Summary of the CALEA NPRM's Declaratory Ruling Regarding Push To Talk Services
August 9, 2004. The Federal Communications Commission's (FCC) CALEA NPRM [100 pages in PDF], released on August 9, 2004 contains a declaratory ruling that push to talk services are subject to CALEA requirements.
The notice of proposed rulemaking (NPRM) first addresses Commercial Mobile Radio Service (CMRS) providers, or cellular providers. The NPRM states that "CMRS carrier offerings of push-to-talk service that are offered in conjunction with interconnected service to the PSTN, but may use different technologies, are subject to CALEA requirements." (See, NPRM at Paragraph 146.) But, if the push to talk service does not enable connection to someone on the public switched telephone network (PSTN), then it is not subject to CALEA requirements.
The NPRM continues that "We find that whether a CMRS carrier's push-to-talk service offering is subject to CALEA depends on the regulatory definition and functional characteristics of that service and not on the particular technology the carrier chooses to apply in offering it. Therefore, we conclude that regardless of what newer technologies a CMRS carrier may use in its offering of push-to-talk ``dispatch service,´´ it continues to be subject to the requirements of CALEA, if the required definitional element for CMRS service is met, i.e., the delivery of the push-to-talk service is offered in conjunction with interconnected service to the PSTN."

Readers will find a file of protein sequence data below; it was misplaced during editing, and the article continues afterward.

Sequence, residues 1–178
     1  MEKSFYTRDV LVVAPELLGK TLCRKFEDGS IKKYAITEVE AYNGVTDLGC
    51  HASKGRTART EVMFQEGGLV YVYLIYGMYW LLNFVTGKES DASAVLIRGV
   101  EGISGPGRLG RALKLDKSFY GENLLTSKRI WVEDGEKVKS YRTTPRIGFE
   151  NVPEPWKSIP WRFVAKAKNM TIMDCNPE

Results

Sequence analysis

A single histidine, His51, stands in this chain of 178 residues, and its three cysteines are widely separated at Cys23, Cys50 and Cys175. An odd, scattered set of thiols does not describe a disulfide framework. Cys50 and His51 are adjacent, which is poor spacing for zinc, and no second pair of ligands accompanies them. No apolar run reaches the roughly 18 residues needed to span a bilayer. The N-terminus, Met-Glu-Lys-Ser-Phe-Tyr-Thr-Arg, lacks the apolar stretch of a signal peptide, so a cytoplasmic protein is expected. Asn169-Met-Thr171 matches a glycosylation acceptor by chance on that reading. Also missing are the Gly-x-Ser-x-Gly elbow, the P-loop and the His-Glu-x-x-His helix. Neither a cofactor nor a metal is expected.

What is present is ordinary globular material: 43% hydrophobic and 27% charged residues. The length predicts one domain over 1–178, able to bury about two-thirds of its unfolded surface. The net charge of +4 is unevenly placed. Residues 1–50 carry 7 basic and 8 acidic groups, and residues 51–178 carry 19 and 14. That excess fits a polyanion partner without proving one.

Then the NPRM adds this. "We qualify this approach, however, recognizing that what has been termed ``private dispatch services´´ may be developed or implemented in a manner that raises issues pertaining to the Substantial Replacement Provision. For example, an entity might deploy a seemingly ``private´´ or ``closed´´ push-to-talk services that may satisfy all three prongs of the Substantial Replacement Provision such that this service would be subject to CALEA." (See, NPRM at Paragraph 151.)
There is also a footnote to this paragraph. It provides, in part, "For
instance, some wireless push-to-talk offerings being developed will rely on
Wi-Fi, combined with VoIP, and unlike CMRS-based push-to-talk that provides the
capability of interconnecting to the local exchange network, would not
interconnect to the PSTN." (See, NPRM at Footnote 348.)